The attorney representing the eight paid firefighters eliminated from the department said the village board’s decision violates a section of New York State Village Law because it was done without a resolution and a public referendum.
In a letter to the village obtained by The Journal News/lohud.com, attorney Richard Corenthal referred to Section 10-1020, which states, “The board of trustees of any village may, by resolution, abolish, in whole or in part, the fire department in such village, which action of the board of trustees shall be subject to a permissive referendum as defined in this chapter.”
“The village’s actions deprives the residents of Port Chester the right to vote on whether to abolish the paid firefighters, a critical public safety issue which should not be decided in secret behind closed doors,” Corenthal said in the letter. He demanded the firefighters be reinstated.
Port Chester’s government decided to axe its paid firefighters and convert its department to an all-volunteer staff as an 11th-hour budget-balancing measure Monday night, expected to save $800,000. The eight firefighters are on paid administrative leave until the end of the month.
Mayor Dennis Pilla said the village was aware of Section 10-1020, but said it doesn’t apply to Port Chester’s situation.
“We did our homework on this beforehand. I believe the law he refers to is for an entire paid fire department,” Pilla said. “The Port Chester Fire Department — as designated by the village charter and its code — is the volunteer fire department that remains intact.”
“We are not abolishing a fire department,” Pilla said. “We are eliminating eight paid firefighter positions that supplement our volunteers.”
The village says there are 150 interior-trained volunteers and 150 exterior trained volunteers.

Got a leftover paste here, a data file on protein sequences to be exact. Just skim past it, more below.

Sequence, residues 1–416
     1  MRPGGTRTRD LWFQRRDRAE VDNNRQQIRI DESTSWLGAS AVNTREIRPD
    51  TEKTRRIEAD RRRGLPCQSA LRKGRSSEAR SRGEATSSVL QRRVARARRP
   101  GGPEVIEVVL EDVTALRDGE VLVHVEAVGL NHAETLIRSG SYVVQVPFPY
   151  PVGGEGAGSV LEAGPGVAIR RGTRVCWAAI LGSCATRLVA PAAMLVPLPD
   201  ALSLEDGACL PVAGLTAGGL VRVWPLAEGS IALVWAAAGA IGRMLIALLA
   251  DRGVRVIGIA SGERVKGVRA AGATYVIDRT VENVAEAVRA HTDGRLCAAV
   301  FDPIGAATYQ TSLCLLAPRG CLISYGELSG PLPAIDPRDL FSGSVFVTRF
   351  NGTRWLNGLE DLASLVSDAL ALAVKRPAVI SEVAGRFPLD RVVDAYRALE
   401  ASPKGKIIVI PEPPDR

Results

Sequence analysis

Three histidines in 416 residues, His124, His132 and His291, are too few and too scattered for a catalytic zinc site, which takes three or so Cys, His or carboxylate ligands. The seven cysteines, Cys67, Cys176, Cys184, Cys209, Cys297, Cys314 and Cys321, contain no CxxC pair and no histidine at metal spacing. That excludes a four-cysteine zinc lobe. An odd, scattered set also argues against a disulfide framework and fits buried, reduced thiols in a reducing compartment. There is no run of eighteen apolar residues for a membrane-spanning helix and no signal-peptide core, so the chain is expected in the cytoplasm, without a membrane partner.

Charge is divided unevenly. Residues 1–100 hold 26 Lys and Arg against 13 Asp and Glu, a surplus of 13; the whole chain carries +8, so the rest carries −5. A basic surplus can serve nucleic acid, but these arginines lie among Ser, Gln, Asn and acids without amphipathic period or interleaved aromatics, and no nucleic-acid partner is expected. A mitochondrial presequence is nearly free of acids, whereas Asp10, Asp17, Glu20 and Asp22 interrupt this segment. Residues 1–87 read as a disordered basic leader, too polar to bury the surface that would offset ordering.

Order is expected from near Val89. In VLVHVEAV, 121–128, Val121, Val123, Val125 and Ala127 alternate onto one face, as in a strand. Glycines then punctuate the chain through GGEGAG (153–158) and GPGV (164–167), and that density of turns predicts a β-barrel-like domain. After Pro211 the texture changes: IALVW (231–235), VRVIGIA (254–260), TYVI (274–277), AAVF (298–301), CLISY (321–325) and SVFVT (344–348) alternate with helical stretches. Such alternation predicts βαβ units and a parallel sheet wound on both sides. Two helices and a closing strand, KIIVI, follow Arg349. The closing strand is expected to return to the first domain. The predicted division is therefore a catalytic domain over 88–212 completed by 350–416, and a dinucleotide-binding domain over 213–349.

Meanwhile, the Village of Rye Brook is considering legal action against Port Chester over a shared services agreement that dates back to 2013. Rye Brook pays Port Chester about $1 million per year until 2018 for a paid Port Chester firefighter to cover a 12-hour overnight shift every night.
Rye Brook filed a notice of claim against Port Chester on Wednesday for violating the contract. Port Chester Village Manager Christopher Steers sent a letter to Rye Brook explaining why the village didn’t violate the agreement.
In the letter, Steers referenced a paragraph in the contract that says the villages will meet to review the agreement if staffing levels change in either village.
“While the village’s action may have affected its ability to continue its literal performance of a single provision of the agreement, I strongly reject any such contention of breach,” Steers wrote.
“It’s nonsense,” Rye Brook Mayor Paul S. Rosenberg said. “You can spin it any way you want. A contract is very literal thing. Anything else than a paid career firefighter as stated in the contract is a breach in contract.”
Steers said Port Chester has offered to staff the Rye Brook firehouse with two volunteer firefighters overnight with a rig. Rosenberg said that’s not what Rye Brook wants.
“As much as we love and respect the volunteers, that’s not what the contract says,” Rosenberg said. “It says a paid career firefighter, and that’s what we want.”